party’s platform and actions for the principles of freedom and democracy, respect for human rights, the fundamental freedoms and the rule of law on which the EU is founded. These are not particularly restrictive conditions and, even if the statute prohibits the financing of national parties with European funds, few will renounce the financial opportunities offered by the new regime. This has already led to an increase in the number of Europarties. The Party of the European United Left was founded in Rome in May 2004; others could follow suit. That such a large share of resources—85% of the total—is allotted to parties with representatives elected to the EP should lead to the consolidation of links to parliamentary groups. Greater integration of the various components should foster greater institutionalisation. This undoubtedly positive picture is counterbalanced by two provisions, one contained directly in the statute, the other in its implementation rules, which keep the federations in a subordinate position with respect to their national components and the parliamentary groups. In fact, the latter have been made directly responsible for the management of the funds for party financing. This was done at the insistence of the EP since the funds are taken from the budget of the EP rather than that of the EU, as the federations would have preferred (this would have given them greater financial autonomy). Furthermore, the provision of the statute that makes the allocation of public funds conditional on 25% co-financing from other sources makes national parties, above all the stronger and richer ones, decisive in constituting and maintaining Europarties. These resources can only be found at the national level, either directly through contributions from member parties—up to a ceiling of 40% of the total, which is in any case more than the amount needed for co-financing— or through the party’s contacts among the public and in the business sector. These are in general very weak, a situation not likely to improve in the near future. The biggest shortcoming of the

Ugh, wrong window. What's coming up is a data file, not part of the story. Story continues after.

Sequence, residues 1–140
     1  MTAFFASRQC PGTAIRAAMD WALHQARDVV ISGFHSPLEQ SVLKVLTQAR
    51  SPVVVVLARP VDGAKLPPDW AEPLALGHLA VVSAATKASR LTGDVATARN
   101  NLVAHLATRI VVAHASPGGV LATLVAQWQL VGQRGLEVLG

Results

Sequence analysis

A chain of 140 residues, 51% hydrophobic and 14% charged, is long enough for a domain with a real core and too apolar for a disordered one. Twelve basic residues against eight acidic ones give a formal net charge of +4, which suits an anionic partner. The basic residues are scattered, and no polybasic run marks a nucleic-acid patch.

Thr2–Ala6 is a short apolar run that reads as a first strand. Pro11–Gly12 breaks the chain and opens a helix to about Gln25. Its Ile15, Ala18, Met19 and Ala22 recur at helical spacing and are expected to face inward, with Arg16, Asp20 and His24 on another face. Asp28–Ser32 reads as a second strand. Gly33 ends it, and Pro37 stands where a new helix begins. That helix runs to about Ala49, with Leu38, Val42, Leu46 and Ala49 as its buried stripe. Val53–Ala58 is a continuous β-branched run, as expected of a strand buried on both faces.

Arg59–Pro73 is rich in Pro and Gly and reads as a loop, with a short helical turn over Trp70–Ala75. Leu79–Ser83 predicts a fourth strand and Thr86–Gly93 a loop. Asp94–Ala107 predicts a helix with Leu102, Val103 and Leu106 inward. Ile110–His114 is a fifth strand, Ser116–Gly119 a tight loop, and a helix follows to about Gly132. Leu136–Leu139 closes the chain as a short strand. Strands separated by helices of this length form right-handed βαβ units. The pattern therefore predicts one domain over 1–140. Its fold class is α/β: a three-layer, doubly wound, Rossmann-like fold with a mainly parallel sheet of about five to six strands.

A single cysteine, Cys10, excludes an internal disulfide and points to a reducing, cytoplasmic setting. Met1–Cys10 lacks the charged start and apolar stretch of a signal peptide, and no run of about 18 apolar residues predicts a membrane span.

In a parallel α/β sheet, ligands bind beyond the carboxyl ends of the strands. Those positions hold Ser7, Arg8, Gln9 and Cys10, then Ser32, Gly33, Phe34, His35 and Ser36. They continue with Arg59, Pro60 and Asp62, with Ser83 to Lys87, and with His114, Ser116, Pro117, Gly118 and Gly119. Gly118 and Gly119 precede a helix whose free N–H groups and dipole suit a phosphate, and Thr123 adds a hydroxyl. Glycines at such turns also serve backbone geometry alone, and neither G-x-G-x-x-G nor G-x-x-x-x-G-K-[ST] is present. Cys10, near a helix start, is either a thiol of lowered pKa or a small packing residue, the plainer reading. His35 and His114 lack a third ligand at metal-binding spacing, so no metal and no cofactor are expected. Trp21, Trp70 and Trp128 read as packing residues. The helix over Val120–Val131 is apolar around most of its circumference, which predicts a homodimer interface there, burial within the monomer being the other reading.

statute is that it does not address the issue of how to effectively link Europarties to European citizens and their societies, beyond the general statement that such linkage is the main reason for the existence of the federations. This function is still performed exclusively through the national parties, who therefore remain the principal gatekeepers of EU-level representation. It is therefore unlikely that the federations, even if more integrated, will play a primary role in the Europarties in the near future. In conclusion, both EU enlargement and the statute for European political parties seem to favour a further expansion of Europarties and of the number of transnational federations. While this would be a positive outcome, fostering greater integration among the various components of the Europarties, it is unlikely that this would challenge the primacy and reduce significantly the autonomy of national political parties, even at the European level. This is destined to be the state of affairs as long as national parties are able to reap the rewards of the direct representation of the interests of citizens through the intergovernmental institutional circuit and to take the place of federations in linking civil society to European institutions.
Luciano Bardi is Professor of Political Science at the University of Pisa. He is the author of several articles on European Parties. Recently he has been co-author of ‘Il parlamento europeo’ (2004) and editor of ‘Partiti e sistemi di partito’ (2006).
Volume 3 - Spring 2006
European View_Transnational parties and european democracy